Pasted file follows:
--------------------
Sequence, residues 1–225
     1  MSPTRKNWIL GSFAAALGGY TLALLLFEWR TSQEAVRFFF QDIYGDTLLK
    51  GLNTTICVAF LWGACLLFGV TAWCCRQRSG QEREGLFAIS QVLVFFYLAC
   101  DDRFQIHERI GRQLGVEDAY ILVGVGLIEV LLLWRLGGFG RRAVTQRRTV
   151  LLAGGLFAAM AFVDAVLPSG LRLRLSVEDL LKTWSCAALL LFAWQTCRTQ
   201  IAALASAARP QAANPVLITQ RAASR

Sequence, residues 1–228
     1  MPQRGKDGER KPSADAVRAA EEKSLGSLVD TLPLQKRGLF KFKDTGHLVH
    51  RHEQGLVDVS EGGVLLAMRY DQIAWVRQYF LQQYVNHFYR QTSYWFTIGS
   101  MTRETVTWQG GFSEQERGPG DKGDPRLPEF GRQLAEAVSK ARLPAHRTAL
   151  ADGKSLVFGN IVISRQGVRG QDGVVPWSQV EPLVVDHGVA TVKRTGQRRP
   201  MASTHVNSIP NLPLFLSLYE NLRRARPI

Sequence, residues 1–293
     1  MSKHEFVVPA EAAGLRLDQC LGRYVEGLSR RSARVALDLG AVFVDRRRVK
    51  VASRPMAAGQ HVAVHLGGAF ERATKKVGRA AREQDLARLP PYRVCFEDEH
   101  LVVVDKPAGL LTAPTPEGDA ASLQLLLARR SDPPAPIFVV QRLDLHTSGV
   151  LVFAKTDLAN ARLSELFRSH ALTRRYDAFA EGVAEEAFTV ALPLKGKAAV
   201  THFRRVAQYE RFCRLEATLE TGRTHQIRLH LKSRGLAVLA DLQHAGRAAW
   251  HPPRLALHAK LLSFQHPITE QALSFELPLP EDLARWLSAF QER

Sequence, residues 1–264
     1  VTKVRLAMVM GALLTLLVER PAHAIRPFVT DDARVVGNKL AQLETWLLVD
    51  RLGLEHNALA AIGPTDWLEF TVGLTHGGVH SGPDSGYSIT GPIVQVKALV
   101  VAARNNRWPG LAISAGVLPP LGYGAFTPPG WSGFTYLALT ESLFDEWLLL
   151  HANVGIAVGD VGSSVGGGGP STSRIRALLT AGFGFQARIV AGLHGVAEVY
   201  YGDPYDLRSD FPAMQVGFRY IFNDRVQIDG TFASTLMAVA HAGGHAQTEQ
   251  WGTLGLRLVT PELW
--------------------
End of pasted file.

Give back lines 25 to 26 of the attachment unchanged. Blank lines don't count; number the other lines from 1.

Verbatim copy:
   201  YGDPYDLRSD FPAMQVGFRY IFNDRVQIDG TFASTLMAVA HAGGHAQTEQ
   251  WGTLGLRLVT PELW